Yesterday, I referred to the version of Catch 22 in which the Prime Minister has managed to trap herself: she needs to persuade the EU27 that she’s mad enough to pursue a ‘no-deal’ Brexit, whilst not being quite so mad that it’s pointless trying to negotiate with her. Just a very small box of frogs, then. As Yossarian neatly put it, “That’s some catch, that Catch-22”.
Meanwhile, in what looks like a determined attempt to convince the EU27 that she is incapable of negotiating in good faith, she is now demanding that Tory MPs vote for an amendment which would scrap part of the agreement that she herself has made with the EU, in the apparent belief that, if she only loses it by a very small majority, the EU will change its mind and reopen the Withdrawal Agreement for further negotiation. Not only is she effectively asking the House of Commons to approve a different deal to the one she has agreed, but she is demanding that if the House of Commons only narrowly refuses to, then the EU will be obliged to accede to her request. Oh, and for good measure, the request is for the now infamous backstop to be replaced by an alternative which is completely undefined because neither she nor the proposers of the amendment have the faintest idea what they’re actually asking for.
Once again, it’s a display of Anglo-British not-nationalism-at-all at its very worst, with the underlying assumption that the rest of Europe must come up with a magic solution which meets the UK’s demands, and putting the responsibility to define how it’s done on someone else. Everything these not-nationalists-at-all say seems driven by that not-nationalist-at-all exceptionalism which assumes that the rest of the world is there to do as they say. Thus, the problem caused by the border which the Anglo-British drew across Ireland, and the Good Friday agreement which they signed guaranteeing that that border became almost invisible – these are all someone else’s problems, not theirs.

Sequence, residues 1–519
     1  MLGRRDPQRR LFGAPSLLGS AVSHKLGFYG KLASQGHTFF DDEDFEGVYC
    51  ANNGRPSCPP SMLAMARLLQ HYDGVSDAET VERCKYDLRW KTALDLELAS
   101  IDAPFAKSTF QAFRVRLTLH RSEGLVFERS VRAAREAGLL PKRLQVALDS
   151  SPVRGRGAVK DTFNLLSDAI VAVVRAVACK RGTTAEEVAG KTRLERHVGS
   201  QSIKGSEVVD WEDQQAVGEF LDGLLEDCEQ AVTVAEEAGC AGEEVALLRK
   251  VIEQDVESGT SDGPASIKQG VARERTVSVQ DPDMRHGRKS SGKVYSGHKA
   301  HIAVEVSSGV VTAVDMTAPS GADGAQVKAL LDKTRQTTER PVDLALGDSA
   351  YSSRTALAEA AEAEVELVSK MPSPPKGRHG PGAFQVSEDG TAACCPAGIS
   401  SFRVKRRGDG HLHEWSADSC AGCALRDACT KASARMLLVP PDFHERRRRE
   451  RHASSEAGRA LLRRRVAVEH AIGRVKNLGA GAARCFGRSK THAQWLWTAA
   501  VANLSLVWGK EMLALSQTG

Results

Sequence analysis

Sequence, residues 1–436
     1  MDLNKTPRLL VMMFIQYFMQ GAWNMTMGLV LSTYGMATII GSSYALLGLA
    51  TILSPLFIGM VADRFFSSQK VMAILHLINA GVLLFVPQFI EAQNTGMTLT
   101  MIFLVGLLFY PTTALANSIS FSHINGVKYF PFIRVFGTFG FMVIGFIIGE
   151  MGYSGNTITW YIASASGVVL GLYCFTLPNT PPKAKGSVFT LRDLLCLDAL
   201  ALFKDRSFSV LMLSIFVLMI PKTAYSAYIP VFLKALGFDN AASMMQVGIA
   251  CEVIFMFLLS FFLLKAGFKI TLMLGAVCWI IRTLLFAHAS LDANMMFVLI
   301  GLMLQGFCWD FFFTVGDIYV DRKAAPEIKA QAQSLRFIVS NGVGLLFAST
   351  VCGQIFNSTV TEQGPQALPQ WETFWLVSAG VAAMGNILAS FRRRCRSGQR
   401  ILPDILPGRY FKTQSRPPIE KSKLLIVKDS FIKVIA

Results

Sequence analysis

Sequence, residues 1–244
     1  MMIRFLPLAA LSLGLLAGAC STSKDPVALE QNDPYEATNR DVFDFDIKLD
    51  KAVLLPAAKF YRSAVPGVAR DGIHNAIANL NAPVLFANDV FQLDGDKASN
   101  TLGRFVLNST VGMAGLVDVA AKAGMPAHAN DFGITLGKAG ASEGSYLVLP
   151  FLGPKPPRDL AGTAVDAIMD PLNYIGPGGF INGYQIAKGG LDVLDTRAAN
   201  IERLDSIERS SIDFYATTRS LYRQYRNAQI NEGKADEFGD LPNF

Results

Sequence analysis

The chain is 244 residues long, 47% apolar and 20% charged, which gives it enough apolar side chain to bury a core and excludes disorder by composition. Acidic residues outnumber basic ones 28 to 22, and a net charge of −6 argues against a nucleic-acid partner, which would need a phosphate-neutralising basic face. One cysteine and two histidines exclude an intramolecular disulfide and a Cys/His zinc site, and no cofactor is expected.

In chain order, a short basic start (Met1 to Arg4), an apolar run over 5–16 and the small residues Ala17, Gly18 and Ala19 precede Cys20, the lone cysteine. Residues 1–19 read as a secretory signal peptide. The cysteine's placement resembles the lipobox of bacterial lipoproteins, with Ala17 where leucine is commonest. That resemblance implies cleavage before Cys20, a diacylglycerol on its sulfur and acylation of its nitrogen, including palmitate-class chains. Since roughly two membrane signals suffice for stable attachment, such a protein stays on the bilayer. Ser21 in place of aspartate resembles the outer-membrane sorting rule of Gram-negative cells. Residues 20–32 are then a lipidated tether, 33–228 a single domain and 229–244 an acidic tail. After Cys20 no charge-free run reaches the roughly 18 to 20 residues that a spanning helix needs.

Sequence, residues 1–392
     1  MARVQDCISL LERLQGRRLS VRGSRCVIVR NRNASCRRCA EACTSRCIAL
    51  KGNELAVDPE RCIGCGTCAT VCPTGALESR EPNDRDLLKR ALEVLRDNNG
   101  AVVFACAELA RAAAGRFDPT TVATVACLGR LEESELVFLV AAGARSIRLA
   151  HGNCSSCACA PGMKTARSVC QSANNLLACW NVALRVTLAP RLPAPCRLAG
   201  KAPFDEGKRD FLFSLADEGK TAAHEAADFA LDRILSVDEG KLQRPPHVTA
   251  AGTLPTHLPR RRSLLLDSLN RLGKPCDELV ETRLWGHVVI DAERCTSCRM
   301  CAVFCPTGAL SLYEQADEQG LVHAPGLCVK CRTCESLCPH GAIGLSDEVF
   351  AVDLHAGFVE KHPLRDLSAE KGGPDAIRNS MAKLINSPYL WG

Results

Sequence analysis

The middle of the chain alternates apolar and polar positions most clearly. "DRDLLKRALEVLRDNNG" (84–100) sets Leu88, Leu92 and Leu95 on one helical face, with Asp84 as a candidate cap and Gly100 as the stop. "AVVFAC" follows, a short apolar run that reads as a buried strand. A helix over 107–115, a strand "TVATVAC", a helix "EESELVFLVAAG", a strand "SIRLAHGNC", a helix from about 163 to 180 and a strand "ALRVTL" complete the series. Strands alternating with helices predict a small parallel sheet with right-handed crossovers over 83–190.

If Ireland doesn’t like the situation, well, then the Irish should know their place – or even, in line with the crass question posed by John Humphrys, they should follow the UK out of the EU and re-join the UK. Because joining the most successful union in the history (or not!) of humanity is the best route forward for an independent state. Obviously. This belief in the superiority of all things British, and the idea that smaller and weaker nations should bow down before the UK’s power, might be a throwback to another age but it is a major part of the driving force behind Brexit. And only its adherents can seriously argue that it isn’t nationalistic.
Those independentistas who believe that being cast adrift in a UK dominated by this mindset offers any sort of opportunity for Wales are almost as delusional as the Prime Minister.